Other retirement community options include memory care, which is ideal for seniors with dementia, nursing homes, and independent living care. Additionally, retirees can sign up for in-home care to still get to live in their homes and access professional care. 

Many of the retirement communities have a bunch of activities lined up for the senior residents. Therefore, you can be sure that you’ll have plenty to keep you occupied, ranging from spa treats to tennis, basketball, and other games. Besides keeping you busy, these activities provide the perfect opportunity to meet and mingle with your fellow retirees. 

Similarly, the senior community in Florida is just as vibrant. The state is home to the most prominent retirement community, popularly known as The Villages. Other senior housing facilities available include adult family care homes, assisted living facilities, and nursing homes. All these options are beneficial if you have trouble getting around or a prevailing medical condition that requires constant attention.

As is the case in Arizona, the planned communities offer different seniors’ activities to meet and interact with others. Depending on the retirement community you choose, you could find yourself mingling with other baby boomers planned outdoor activities, neighborhood walks, and Bingo sessions.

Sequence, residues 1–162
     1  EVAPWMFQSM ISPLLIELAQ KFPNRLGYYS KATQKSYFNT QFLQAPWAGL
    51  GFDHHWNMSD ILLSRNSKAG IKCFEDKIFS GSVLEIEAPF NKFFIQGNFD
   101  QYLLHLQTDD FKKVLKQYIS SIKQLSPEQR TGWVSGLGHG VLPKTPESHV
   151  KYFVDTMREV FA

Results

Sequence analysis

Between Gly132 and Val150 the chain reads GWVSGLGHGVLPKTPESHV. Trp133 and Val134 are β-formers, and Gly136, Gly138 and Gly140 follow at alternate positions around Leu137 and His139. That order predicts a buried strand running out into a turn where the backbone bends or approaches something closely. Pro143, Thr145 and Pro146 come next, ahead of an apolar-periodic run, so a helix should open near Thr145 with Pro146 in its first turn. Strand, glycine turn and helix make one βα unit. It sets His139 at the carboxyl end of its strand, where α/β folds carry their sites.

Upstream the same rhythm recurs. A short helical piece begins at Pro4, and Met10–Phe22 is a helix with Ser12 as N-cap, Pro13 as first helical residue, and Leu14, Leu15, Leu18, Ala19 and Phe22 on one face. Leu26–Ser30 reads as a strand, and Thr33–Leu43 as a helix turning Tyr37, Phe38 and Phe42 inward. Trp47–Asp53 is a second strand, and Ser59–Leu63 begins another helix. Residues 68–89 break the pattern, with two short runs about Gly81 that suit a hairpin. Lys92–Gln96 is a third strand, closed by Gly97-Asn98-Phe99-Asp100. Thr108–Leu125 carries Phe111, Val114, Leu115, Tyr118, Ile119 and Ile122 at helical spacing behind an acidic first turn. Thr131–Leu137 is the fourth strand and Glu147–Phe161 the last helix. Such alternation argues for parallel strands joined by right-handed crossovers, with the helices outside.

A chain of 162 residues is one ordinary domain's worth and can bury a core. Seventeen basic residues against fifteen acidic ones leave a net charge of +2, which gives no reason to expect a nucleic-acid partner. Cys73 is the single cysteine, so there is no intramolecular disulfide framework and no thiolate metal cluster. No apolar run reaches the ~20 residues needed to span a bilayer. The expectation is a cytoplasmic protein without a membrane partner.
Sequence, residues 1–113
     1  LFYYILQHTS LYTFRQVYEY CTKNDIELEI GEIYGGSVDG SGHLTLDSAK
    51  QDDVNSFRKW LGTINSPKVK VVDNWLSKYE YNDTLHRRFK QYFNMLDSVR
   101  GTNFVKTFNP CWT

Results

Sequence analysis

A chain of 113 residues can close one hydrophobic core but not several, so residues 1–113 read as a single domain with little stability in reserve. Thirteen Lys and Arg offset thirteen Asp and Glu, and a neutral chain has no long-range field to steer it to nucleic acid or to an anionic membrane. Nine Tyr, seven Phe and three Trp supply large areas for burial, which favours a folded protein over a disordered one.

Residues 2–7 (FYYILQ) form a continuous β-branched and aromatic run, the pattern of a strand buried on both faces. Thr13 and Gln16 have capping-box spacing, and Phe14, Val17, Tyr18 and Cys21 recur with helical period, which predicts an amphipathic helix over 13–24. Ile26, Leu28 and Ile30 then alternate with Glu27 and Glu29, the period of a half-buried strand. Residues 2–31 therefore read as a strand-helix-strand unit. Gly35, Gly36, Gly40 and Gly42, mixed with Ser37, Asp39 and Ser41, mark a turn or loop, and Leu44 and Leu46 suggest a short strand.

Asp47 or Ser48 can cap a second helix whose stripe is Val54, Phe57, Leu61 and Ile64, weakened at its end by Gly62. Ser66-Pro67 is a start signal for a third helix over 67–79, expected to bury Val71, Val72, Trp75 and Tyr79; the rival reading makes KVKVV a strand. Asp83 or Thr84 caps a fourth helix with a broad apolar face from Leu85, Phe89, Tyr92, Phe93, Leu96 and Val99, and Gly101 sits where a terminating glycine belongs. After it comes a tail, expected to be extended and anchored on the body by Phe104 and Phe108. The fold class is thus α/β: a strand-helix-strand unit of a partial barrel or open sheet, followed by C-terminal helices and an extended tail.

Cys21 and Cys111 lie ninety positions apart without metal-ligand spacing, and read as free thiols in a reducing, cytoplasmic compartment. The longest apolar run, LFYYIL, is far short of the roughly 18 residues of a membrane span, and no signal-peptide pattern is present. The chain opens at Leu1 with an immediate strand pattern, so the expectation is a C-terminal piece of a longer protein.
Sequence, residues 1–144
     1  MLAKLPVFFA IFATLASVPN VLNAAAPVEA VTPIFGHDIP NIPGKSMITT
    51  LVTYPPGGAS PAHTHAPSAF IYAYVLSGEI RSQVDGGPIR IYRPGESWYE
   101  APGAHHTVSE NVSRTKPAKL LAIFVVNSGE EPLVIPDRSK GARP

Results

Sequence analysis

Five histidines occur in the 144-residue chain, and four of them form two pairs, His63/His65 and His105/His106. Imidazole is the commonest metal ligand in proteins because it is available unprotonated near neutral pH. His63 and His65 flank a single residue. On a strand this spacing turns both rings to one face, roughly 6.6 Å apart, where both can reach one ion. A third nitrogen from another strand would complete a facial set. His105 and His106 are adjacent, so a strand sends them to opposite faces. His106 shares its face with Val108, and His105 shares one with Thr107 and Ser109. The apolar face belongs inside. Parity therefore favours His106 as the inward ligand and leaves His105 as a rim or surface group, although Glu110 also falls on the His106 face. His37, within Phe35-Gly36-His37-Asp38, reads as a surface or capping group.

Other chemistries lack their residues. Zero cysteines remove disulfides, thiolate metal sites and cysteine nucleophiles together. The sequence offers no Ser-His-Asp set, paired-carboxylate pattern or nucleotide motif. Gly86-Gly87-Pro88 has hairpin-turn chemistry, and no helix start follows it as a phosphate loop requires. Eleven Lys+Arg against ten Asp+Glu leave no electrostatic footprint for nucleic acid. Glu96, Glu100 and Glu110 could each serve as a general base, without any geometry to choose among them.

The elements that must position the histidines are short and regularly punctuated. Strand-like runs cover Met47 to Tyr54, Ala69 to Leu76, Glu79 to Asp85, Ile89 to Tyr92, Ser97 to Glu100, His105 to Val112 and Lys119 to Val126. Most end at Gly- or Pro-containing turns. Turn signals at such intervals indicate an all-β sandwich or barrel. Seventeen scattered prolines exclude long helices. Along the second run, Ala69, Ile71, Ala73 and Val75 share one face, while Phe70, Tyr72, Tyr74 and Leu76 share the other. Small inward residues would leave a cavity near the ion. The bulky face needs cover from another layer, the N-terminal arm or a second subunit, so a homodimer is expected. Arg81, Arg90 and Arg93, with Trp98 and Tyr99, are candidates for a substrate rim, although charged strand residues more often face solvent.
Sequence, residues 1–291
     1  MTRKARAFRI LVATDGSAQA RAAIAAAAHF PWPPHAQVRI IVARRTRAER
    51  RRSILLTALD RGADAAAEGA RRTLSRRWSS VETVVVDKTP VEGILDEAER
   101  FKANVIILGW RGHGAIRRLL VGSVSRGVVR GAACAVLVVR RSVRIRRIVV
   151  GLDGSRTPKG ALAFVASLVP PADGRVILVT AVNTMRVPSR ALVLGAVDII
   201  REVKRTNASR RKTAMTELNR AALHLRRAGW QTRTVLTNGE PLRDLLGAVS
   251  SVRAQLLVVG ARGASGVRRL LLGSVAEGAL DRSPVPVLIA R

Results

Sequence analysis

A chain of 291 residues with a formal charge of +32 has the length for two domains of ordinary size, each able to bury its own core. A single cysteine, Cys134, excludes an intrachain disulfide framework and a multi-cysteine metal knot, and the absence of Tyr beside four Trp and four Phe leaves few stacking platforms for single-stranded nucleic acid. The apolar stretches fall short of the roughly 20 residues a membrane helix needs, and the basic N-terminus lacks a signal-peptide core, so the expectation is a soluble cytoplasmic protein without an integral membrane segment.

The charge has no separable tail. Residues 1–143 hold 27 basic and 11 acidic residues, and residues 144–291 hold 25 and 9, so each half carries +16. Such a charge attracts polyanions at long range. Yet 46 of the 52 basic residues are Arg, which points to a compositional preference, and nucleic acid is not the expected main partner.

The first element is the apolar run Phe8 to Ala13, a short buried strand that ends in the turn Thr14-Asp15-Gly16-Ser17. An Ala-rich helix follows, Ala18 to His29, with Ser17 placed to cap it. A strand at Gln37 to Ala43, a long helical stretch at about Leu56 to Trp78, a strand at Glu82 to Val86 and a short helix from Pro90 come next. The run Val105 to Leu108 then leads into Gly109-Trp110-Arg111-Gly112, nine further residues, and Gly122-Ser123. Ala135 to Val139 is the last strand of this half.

Entertainment & Recreation Activities


How To Start Golfing as a Senior: The Complete Guide

The one thing you cannot run out of after retirement is time, and you’ll undoubtedly want to explore the arts and culture scene of whatever state you retire in. Both Florida and Arizona have plenty of entertainment choices owing to the influx of tourists in these regions during the winter months. 

Golf lovers will be spoilt for choice over the world-class golf courses available in both states. The state of the art golf courses in these two states places them at first and second position for golfiness (the measure of golf courses’ quality and quantity) by

Besides golf, Arizona is also home to a wide range of sports played by professional teams. Soccer fans can spend their days watching their favorite teams such as the Suns, Diamondbacks, and Cardinals. Basketball fans are also not left behind as there are plenty of games to catch. 

Retiring in Arizona also means that you have access to outdoor recreational activities that require the warm sun. If your body is still up for it, you can choose to go hiking or camping. Water and snow skiing are also great activities to keep you on your feet.